When interviewing candidates more experienced than you, you might try prefacing your questions with remarks such as “I’m sure you must have done this many more times than me, but how would you do…” and so on. This approach confronts the experience issue head on, and gives you an opportunity to gauge the candidate’s attitude toward working with a less experienced writer.
- Have you worked with an outside printer vendor before?
- In the past, how have you prepared documentation projects for printing by an outside vendor?
- How do you make a PostScript file for use by an outside printer vendor?
- Name some of the biggest challenges you’ve had to meet as a technical writer. How did you meet those challenges?
- Have you set up documentation management systems with any previous employers?
- How have you managed your own documentation projects in the past?
- How have you prioritized your documentation projects in the past?
- How are you proactive when learning about new technologies you’ve had to document for publication?
- Have you ever been asked to perform tasks that were outside your primary responsibilities before? If so, what were you asked to do? How did your efforts make a positive difference to your employer?
- How do you add value to your documentation projects so that the final product exceeds your employer’s expectations?
- Professionally speaking, what do you consider your greatest strength(s)?
- Professionally speaking, what do you consider your greatest weakness(es)?
- Could you give me an example of a time when you were able to turn one of your weaknesses into a strength? (Or, could you give me an example of a time when you overcame a particular obstacle? From this, you could pose more questions such as: why did you consider it an obstacle?)
- How do you resolve differences of opinion or personality clashes with a coworker? (Be careful, though, about asking someone about dealing with a difficult manager. You may cause the candidate to wonder why the question was posed - and to think twice about taking the job!)
- Tell me about a time when your opinion clashed with a coworker. How was that situation resolved? (This is a good way to discover a little bit about the candidate’s character and how compromising he/she is.)
- What would you do if your boss gave you a technical writing job and the SME did not respond to your first two emails requesting information. What would you do if the SME continued to be difficult to contact or work with?
- Do you contribute to publications on your own time? (This type of question will help you determine the candidate’s writing skills.)
- How do you work/get along with editors? What do you think of the editing process?
Synergy/Ability to Get Along with Current Employees
When interviewing candidates, always consider whether he or she will fit in with your current employees. If possible, take candidates to the area where he or she will be working, and let each employee have 5 minutes or so to chat with the candidate. Employees can get together after the candidate has left and share their impressions. This employee involvement has less to do with the candidate’s qualifications than his or her ability to fit in with the group. You may also want to have some of your developers meet briefly with each candidate and give you feedback.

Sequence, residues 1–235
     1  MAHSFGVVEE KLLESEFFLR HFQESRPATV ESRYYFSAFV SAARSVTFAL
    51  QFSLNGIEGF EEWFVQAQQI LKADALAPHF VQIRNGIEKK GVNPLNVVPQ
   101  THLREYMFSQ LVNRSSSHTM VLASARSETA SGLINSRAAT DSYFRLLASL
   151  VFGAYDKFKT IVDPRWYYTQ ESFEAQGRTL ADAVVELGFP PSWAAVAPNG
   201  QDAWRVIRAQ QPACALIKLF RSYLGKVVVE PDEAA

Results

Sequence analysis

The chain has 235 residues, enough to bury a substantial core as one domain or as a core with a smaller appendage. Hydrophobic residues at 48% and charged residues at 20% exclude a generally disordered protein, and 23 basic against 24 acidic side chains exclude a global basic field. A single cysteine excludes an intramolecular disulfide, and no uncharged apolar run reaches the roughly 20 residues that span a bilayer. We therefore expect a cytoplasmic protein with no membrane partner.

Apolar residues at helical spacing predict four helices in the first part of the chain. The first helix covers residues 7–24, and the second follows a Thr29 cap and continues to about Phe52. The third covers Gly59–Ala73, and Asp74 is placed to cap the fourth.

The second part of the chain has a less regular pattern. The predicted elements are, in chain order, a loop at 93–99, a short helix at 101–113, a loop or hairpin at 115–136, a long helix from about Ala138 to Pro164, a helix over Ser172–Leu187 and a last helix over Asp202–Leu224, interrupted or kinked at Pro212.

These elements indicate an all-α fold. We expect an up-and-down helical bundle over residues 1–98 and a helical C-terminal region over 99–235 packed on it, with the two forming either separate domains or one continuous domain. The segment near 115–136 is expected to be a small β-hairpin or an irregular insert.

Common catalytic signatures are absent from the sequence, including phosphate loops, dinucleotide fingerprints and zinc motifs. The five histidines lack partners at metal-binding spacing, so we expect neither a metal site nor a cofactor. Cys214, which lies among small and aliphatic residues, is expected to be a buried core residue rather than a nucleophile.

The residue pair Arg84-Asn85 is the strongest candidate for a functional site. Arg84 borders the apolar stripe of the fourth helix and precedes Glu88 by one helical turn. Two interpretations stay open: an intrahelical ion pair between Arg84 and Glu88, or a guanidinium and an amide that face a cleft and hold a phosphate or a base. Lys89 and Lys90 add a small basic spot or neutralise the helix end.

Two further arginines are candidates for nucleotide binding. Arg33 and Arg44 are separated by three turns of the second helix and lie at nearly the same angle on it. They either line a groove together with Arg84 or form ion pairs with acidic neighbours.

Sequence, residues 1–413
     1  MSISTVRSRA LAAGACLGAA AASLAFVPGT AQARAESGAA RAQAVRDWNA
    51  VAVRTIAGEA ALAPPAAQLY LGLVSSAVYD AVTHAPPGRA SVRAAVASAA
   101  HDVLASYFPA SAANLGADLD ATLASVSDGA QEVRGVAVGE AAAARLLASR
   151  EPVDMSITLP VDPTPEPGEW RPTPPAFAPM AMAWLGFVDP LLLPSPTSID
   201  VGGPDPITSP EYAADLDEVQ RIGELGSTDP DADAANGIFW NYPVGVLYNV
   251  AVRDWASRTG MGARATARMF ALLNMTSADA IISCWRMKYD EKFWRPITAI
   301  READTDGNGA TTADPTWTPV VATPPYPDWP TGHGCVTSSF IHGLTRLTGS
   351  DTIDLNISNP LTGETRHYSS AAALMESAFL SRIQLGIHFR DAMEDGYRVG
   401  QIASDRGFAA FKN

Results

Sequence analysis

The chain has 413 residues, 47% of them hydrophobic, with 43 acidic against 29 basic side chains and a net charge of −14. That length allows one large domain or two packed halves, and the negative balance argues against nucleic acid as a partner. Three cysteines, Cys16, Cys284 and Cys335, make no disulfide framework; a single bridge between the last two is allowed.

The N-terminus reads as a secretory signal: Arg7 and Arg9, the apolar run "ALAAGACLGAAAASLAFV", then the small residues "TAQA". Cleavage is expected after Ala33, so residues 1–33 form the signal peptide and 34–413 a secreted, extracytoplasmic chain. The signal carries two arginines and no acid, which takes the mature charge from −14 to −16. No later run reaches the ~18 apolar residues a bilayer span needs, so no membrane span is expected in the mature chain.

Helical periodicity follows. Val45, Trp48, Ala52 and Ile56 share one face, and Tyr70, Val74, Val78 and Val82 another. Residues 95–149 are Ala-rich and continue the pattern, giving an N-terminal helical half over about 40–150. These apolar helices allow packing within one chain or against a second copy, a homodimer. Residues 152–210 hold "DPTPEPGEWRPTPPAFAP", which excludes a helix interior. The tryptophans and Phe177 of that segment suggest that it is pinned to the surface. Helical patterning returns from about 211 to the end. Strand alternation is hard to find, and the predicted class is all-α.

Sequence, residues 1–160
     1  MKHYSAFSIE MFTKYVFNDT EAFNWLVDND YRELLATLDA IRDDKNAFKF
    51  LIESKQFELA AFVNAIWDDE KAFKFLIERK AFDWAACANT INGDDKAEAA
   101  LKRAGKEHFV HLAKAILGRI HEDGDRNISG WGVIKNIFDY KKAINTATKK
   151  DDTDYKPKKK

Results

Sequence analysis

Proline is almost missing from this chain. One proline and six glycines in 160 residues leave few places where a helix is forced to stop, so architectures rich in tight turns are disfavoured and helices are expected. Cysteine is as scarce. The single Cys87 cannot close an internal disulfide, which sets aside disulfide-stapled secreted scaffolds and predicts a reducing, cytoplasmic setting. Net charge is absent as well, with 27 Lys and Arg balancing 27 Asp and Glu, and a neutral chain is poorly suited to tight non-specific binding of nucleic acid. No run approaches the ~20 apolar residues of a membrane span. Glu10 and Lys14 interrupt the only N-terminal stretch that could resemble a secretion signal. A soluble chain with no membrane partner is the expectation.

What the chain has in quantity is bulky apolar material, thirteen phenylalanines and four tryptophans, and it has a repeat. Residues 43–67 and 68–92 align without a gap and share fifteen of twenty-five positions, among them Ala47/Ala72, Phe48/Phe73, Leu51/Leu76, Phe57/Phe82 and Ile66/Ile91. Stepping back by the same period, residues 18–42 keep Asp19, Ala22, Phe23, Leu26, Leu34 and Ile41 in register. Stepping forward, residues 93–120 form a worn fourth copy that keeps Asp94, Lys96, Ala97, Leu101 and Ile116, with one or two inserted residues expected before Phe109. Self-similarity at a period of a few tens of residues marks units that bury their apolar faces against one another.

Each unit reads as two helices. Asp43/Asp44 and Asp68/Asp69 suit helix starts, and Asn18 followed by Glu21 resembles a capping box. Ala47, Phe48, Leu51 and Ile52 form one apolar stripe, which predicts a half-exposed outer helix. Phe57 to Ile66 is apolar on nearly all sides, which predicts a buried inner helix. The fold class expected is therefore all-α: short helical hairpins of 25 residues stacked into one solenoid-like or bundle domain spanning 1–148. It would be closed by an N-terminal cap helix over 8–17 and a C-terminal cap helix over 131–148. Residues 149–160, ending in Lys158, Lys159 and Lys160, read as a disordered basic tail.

Some people view writing tests as unfair, feeling that few writers finish a new piece of writing start to finish (writing, editing, and revising) in a single day, so it is unfair to expect a candidate to do so. On the other hand, writing tests can give you a sample of a candidate’s raw material. If you do choose to give a writing test, make it simple. Have candidates write a short how-to from a list of suggested topics, for instance.
Give Tool-Specific Tests
For example: You are hiring someone to develop online help, and an applicant claims to be a RoboHelp expert. Give the applicant a short RoboHelp assignment, and see how he or she is doing after a set period of time.
Give Overall Writing Skills Tests
For example: Give an applicant 20 minutes to outline the steps of an everyday activity (making a pot of tea or filling a car with fuel) for a reader who is unfamiliar with that activity. In addition, have applicants mark up a badly-written document - it is a quick way to find out how experienced they are at turning engineering-speak into good copy.
A common misconception is that you don’t have to be as rigorous in your standards for interns as you are with full-timers. You do. People often hire interns based on good writing samples and recommendations, only to find that they lack basic skills. Tougher standards can be a good skills assessment for internship applicants, because they often realize where their skills need improvement.
Don’t expect interns to be able to edit at your level, but they should be able to recognize major problems (or at least flag those problems as questions that should go back to the writer). They should also be able to proofread with accuracy. Allow them to bring a dictionary to the test, and loan them a copy of the AP style guide.
Writing samples that have been looked over by editors or teachers are fine, but you don’t necessarily know how the material looked before it was “cleaned up.” Writing tests can help you discover how “raw” an intern’s material will be (and how much teaching and/or cleaning up you may have to do).
Give intern candidates a simple, non-company specific project to set up. This exercise will show you if the candidate has the requisite organizational skills - or at least the right thought processes - to be helpful. Let them work on the project prior to coming in for an interview, and allow them to call or email with questions.
Contributed by Kathy Whitehead